The Bee Gees kept singing. Lola was on the shag carpet, but her face was connected to the table. She started to get up, blood pouring from a deep gash. She touched her face before looking at her hands, carmine red, redder than red, unreal, before falling down. The brown carpet fibers turning black. She rolled onto her back and stared at her hands.

Deb said, “Fuck me.” Lola’s face looked like it’d been sliced open.

Jack, who’d known Lola since she was eight, said, “Call an ambulance.”

“No phone,” Deb said. She hadn’t paid the bill. “Go next door to Sheila’s. Ask to use her phone.”

Jack, barefoot and shirtless, in OP corduroy shorts, was out the door.

The album started from the beginning. “Why the fuck does bad shit happen to me?” Deb crossed her arms at her stomach and looked at Lola, whose eyes were wide, the right side of her face like a neatly sliced slab of meat.

Crystal, who had two kids of her own, but they lived with her mom (she didn’t have custody), dropped to her knees beside Lola. “You’re going to be okay. It’s going to be okay.” She squeezed Lola’s blood-red hand. “Stay with me.” Sometimes, when everyone was kite-high on coke or passed out, Crystal went to Lola’s bedroom, the last room in the trailer. She would pull a book from her purse. They were too young for Lola, but Crystal read anyway. Goodnight Moon and The Runaway Bunny. “If you run away, I will run after you.” They were sweet stories, and Lola played along, like she was one of Crystal’s kids. Sometimes, Crystal brought candy or sandwiches.

Now, she murmured, “Good night, moon,” spotting Big Boy Burger napkins on the shag and reaching for them.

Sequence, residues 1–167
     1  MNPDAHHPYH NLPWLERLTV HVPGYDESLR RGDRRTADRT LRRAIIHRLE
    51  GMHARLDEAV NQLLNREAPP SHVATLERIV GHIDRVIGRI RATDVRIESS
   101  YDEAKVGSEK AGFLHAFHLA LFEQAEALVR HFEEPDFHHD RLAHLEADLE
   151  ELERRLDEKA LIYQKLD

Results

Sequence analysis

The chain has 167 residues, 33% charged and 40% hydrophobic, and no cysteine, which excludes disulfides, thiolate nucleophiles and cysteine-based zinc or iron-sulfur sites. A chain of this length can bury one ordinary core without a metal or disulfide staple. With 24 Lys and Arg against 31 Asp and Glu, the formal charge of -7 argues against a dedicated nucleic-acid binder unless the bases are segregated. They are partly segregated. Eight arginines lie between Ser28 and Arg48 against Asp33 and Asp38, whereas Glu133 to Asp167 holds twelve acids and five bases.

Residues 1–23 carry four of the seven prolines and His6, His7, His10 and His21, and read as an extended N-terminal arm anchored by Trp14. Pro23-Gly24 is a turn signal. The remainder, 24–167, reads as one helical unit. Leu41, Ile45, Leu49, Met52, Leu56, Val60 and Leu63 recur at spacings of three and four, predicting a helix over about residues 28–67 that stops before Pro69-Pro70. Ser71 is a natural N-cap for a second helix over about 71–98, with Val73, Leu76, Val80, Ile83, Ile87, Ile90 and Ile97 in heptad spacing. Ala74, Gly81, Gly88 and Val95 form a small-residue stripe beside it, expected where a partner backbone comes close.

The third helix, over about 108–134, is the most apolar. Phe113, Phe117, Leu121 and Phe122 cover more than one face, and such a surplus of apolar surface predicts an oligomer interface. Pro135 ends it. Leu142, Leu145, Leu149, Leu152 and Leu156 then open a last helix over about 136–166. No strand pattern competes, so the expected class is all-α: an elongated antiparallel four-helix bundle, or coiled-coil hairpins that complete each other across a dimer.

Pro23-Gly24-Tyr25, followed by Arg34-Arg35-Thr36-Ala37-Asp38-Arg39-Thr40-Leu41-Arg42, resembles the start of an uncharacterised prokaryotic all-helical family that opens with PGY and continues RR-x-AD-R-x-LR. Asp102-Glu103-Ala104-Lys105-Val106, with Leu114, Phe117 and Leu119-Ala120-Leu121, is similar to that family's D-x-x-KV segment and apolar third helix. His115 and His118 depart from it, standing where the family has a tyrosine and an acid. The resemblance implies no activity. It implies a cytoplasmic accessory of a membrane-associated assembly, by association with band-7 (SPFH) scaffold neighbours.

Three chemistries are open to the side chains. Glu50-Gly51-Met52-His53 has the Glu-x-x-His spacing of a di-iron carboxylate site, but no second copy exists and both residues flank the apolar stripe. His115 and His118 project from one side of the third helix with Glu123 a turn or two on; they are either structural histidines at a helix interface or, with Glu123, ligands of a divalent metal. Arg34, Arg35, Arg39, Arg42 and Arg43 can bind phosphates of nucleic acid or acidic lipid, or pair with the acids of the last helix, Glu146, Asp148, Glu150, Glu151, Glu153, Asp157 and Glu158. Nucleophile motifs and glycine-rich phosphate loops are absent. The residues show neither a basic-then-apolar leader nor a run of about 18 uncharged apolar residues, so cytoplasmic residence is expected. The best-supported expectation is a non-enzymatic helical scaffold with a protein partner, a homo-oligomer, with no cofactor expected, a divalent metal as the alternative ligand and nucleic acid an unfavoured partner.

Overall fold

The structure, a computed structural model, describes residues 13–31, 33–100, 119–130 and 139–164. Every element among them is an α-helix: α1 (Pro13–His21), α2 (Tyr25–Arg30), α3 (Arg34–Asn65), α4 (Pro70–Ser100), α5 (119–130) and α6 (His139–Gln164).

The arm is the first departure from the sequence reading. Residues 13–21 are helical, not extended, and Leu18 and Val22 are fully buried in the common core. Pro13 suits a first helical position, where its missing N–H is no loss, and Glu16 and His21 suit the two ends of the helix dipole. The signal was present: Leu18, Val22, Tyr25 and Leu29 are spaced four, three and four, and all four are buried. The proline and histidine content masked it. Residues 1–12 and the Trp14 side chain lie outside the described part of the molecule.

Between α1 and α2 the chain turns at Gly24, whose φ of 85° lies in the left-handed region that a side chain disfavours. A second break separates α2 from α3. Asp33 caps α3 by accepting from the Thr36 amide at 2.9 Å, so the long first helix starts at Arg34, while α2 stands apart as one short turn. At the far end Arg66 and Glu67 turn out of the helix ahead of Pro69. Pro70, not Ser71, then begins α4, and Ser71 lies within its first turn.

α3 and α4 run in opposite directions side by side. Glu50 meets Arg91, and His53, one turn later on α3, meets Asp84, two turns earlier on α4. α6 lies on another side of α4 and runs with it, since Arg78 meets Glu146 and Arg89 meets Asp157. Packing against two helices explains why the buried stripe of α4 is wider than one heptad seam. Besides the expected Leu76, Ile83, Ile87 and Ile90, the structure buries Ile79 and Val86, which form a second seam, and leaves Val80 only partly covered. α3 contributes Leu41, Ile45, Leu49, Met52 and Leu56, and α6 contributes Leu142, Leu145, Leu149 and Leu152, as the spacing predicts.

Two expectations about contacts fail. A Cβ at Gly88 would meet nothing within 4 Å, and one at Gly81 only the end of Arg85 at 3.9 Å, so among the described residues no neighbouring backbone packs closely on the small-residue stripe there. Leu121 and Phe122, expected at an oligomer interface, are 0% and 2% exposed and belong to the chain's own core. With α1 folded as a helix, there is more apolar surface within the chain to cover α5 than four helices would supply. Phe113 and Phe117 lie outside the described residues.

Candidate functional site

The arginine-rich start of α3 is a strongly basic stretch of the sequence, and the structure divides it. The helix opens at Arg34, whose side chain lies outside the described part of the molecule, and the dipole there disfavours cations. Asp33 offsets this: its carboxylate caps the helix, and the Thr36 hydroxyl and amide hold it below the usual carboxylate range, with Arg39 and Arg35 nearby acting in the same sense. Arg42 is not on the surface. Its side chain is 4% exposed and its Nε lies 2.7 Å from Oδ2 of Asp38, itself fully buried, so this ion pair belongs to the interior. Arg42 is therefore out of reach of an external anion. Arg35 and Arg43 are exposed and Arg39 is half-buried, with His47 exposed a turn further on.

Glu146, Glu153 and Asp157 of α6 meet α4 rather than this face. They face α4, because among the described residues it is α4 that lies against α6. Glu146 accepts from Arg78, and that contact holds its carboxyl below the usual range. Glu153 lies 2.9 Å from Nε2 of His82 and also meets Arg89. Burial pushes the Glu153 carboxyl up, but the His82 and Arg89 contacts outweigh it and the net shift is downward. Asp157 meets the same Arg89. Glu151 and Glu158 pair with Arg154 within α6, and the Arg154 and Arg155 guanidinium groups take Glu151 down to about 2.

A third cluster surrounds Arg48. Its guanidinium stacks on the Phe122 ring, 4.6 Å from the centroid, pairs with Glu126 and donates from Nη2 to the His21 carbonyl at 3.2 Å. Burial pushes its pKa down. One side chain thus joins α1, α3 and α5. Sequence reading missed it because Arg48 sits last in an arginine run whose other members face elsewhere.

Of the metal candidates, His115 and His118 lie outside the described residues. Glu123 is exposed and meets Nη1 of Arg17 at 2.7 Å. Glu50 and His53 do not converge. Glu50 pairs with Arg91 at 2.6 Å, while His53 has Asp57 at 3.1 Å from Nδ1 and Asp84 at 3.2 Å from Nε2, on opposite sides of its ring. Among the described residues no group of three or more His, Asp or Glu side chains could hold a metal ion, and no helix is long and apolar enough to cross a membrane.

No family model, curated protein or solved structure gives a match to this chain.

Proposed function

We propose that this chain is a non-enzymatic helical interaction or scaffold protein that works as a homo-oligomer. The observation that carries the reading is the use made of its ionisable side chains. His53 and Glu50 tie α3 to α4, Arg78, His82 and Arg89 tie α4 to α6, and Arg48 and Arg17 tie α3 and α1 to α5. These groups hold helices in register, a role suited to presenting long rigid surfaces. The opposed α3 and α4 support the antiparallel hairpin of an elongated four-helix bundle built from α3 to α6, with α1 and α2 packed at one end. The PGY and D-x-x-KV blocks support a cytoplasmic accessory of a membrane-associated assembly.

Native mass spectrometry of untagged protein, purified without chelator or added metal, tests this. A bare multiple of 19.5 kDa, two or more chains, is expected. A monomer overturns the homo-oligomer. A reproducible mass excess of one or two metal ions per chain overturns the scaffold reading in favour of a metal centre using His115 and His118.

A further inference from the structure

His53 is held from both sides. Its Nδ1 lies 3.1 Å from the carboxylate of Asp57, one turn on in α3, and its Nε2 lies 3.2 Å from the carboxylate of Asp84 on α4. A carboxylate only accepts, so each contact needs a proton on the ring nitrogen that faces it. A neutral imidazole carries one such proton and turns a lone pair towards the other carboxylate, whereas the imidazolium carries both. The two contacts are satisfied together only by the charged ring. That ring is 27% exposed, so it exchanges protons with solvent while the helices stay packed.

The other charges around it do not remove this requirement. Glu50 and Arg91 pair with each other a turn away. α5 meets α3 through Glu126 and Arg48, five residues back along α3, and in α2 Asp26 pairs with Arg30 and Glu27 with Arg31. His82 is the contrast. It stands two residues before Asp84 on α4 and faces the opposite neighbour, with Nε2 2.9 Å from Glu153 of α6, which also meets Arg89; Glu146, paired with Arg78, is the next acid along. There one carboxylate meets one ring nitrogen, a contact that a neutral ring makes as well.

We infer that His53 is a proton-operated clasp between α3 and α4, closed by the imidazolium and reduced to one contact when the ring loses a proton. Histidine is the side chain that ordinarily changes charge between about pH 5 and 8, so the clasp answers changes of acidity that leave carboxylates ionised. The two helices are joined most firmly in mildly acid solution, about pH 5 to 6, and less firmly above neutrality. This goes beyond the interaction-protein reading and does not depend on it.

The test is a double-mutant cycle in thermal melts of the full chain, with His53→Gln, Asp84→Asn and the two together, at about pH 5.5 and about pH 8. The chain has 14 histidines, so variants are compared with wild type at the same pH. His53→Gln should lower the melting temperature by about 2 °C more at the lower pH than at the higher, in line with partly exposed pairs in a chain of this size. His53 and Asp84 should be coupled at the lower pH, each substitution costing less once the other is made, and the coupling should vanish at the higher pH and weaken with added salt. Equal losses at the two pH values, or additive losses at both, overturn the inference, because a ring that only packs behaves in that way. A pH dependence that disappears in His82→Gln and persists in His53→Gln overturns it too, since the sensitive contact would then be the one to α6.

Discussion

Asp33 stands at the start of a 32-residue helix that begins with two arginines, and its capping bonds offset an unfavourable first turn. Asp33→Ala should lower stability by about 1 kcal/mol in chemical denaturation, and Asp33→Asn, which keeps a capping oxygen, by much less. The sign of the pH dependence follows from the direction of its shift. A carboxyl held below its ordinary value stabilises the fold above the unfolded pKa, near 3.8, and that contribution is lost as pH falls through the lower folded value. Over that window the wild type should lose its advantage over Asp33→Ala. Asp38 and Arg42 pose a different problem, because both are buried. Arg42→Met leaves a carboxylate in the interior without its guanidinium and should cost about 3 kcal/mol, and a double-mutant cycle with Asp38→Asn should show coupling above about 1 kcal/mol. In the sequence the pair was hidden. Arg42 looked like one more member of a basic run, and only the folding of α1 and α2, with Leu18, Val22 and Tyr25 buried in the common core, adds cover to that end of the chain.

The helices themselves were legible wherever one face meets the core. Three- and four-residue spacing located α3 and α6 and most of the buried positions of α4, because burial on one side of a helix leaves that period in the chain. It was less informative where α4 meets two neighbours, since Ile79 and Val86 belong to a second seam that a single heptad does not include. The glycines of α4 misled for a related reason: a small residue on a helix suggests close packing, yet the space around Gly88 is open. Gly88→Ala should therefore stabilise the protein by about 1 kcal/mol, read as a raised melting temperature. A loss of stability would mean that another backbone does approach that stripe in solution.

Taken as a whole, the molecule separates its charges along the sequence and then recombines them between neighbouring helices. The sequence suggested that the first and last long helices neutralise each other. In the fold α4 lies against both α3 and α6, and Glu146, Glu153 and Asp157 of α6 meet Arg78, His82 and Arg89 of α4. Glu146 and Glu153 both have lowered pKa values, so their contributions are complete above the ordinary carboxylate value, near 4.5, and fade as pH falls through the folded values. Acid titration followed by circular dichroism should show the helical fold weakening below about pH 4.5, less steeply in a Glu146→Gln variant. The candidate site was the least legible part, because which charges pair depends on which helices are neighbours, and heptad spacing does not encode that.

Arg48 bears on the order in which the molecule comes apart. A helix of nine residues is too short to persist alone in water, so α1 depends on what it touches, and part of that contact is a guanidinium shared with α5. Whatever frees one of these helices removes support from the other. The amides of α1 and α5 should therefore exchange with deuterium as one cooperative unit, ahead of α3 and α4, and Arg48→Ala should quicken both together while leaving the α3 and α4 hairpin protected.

“Get towels,” Crystal told Deb and Mary—an eighteen-year-old who’d shown up with Jack. She’d been matching beers to bumps all afternoon. Crystal pressed the folded napkin to Lola’s face. “Everything’s going to be okay.” She smoothed Lola’s hair back from her forehead. There was blood in the ash-yellow strands. The blood had soaked through the knees of Crystal’s jeans. Everything sticky and warm.

Deb said, “Get away from my kid.”

Crystal said, “You’re fucked up,” her eyes on Lola.

“And you’re not?” Deb lit a cigarette and crossed her arms at her waist.

Crystal looked up at Deb. “I know I’m fucked up, but I took CPR. I know First-Aid.”

Deb wagged her smoke at Crystal. “Can you drive her to the hospital?”

“I can’t drive,” Crystal said.

Mary returned, handing one towel to Crystal. “The other ones were wet.”

Crystal pressed it to the gaping wound. Lola’s blood quickened, like a heart beating under Crystal’s hand.

Jack returned through the door opened to the dark. Gnats and mosquitos flitting through the room. He said, “The neighbor lady is calling the operator.”

Deb perched over Crystal and Lola, her hands on her thighs. “Look, honey,” she said. “You’re going to be fine. An ambulance is on the way.” Crystal’s eyes stayed on Lola, whose big brown eyes were vacant face.

Deb said, “It was an accident.” The towel had soaked through with blood.

Crystal said, “She feels cold. This is bad. Does anybody have a flashlight? Maybe we can turn the lights on and off and see if her eyes react.”

Jack, tall and druggie thin, likening himself to the Thin White Duke, said, “The ambulance is coming. I told you. Man, this shit is fucked up, Deb.”

“It was an accident,” Deb said. “Chill out.” There was a line of coke on the countertop separating the galley kitchen from the coffee table and plaid couch. Someone had skipped a turn. Deb slipped a rolled five from her front pocket and snorted it up, tossing her head back. “Be cool.”

Jack said, “Cops come with ambulances.”

“I can’t think straight,” Deb said. “I can’t believe she fucking fell into the coffee table. Jesus Christ.” She grabbed the ends of her strawberry-blond hair. “I need to think.”

No one had turned the lights on and off or found a flashlight, but Crystal had managed to get her arms under Lola, rocking her and saying, “You need to get out of here. You need to get out of here. You need to get out of here.”

Deb, Mary, and Jack, gathered the coke baggies and the rolled twenties and Deb went to Lola’s room to hide them. Under her bed, Deb found stolen library books on Degas, Rodin, Renoir, Toulouse Lautrec, and Van Gogh. Deb slipped the twenties and coke baggies behind the books. Returning to the living area, she said, “This isn’t my fault.”